Where Did We Get This Idea?
I am writing this series is because I want you to think differently about the things you take for granted. Motherhood and womanhood are often thoroughly intertwined, but we sometimes fail to realize that the two are not synonymous.
Many women struggle with this problem, “I am a woman so I should want to get married and have children,” or my favorite, “My biological clock is ticking, I should get married and have kids soon.” But what if she doesn’t want to do either of these things? What if she wants to get married, have kids and maintain her own life? Men do this all the time. I have several male friends who are exceptional single-dads yet their identity is not wrapped up in their children, and no one expects this from them.
Outside of actually giving birth, there isn’t any natural, biological, or mythical reason that makes women better caretakers. It is just “understood” and “expected” that women will stay home and put their lives on hold for their children.
Two weeks before my son was born, I maintained that birthing a small human would not change my life, college plans or how I viewed the world. I was wrong. The moment my son was born it was as if a rabid she-wolf took my place. Back then, I did not understand how hormones worked, nor did I comprehend that the possessive-obsession I developed with my new baby was part of evolutionary adaptation.
Women, when around infants for an extended amount of time, are essentially seduced by the sweet scent of a baby’s pheromones. This is how nature ensures that parents do not abandon their demanding, squalling, indecisive, helpless, bundles of “joy.” As a result of this self-preserving essence, those who spend the greatest amount of time with babies, tend to become the most attached and ferociously protective- usually women. Interestingly, men who spend a lot of time interacting with their newborns can also be “infected” by their infants, becoming strongly attached to their progeny, yet because of how society is structured, men usually work outside of the home rather than taking a significant role nurturing the little ones.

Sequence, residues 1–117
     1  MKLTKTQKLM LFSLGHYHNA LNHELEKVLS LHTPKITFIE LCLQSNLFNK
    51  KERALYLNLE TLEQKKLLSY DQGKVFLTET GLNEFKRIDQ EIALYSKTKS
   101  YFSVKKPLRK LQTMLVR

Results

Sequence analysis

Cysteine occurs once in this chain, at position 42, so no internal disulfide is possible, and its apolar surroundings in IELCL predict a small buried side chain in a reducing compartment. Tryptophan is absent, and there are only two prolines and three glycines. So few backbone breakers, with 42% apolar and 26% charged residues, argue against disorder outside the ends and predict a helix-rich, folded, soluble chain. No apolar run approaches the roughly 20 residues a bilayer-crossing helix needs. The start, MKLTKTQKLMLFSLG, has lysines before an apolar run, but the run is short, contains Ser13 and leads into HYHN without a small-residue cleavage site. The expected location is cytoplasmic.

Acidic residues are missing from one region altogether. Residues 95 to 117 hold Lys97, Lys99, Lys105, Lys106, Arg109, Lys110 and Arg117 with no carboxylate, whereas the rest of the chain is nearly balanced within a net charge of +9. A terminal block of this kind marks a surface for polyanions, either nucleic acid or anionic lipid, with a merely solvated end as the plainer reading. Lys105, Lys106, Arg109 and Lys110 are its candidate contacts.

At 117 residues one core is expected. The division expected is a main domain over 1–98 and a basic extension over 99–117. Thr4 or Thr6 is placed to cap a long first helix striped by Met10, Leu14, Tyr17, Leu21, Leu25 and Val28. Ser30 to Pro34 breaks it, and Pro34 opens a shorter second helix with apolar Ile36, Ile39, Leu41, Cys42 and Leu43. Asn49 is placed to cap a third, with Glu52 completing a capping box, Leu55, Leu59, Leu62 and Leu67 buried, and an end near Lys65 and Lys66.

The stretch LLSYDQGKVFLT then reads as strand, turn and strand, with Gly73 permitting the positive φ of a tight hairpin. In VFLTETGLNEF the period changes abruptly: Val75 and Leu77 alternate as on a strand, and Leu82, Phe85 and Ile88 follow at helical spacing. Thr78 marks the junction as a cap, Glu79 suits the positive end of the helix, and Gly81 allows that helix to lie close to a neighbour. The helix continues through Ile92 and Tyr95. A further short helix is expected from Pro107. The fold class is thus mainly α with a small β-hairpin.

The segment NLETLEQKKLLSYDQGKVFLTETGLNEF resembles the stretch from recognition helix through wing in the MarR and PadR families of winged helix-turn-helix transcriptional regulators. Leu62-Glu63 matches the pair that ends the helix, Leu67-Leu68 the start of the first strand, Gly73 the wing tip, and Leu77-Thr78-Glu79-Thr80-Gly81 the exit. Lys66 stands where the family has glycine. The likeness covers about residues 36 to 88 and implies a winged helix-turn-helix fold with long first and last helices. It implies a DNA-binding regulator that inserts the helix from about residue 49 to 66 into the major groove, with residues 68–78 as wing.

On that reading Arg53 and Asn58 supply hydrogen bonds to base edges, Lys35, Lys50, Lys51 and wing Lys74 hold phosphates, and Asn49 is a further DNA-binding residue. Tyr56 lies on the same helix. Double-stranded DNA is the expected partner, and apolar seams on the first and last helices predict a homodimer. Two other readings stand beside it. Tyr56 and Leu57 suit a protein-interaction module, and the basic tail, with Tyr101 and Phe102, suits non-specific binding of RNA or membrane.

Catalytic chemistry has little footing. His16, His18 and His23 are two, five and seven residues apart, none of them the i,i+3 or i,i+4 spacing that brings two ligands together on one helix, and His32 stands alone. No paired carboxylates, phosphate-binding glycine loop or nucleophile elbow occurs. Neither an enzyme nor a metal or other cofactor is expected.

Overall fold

This is not man-bashing. Instead, this is just an observation about the way things are in our society. And a way that I believe is wrong and should be changed. Women get more leave time for having a child than men. In many countries’ men do not get any paternity leave and have little opportunity to spend time with their newborns. What I want to explore is how the concepts that women are better parents are based on assumptions that we take for granted. Consider the following:
One might argue that evolutionarily speaking or in indigenous societies, women were the primary caretakers. I imagine it would be extremely challenging for a pregnant woman to chase after some wild beast, especially if there were other little ones in tow. For the sake of argument, we can accept that the men would go out and hunt for meat while the women would stay “home” and gather the daily sustenance for the village. But if you do a small amount of research, you will realize that men didn’t bring home the bacon all that often, because wild game is hard to catch! You would also find that women were responsible for the majority of the group’s food and without the women’s “gathering,” the tribe/village/clan would not eat a regular meal. The other part to note is that these women were not living alone in their hut with their children, they were active in daily communal work, and valued members of their society.* Most importantly, their jobs were not put on hold so they could take on motherhood, it was an integral part of their daily living, children were cared for by the group, and not the focus of a woman’s life or, one could argue, not their primary identity.
We no longer live in this sort of society. If you are reading this piece, it is highly unlikely that you live in this sort of environment, so the Hunter/Gatherer gender norms do not apply to you, your spouse or children.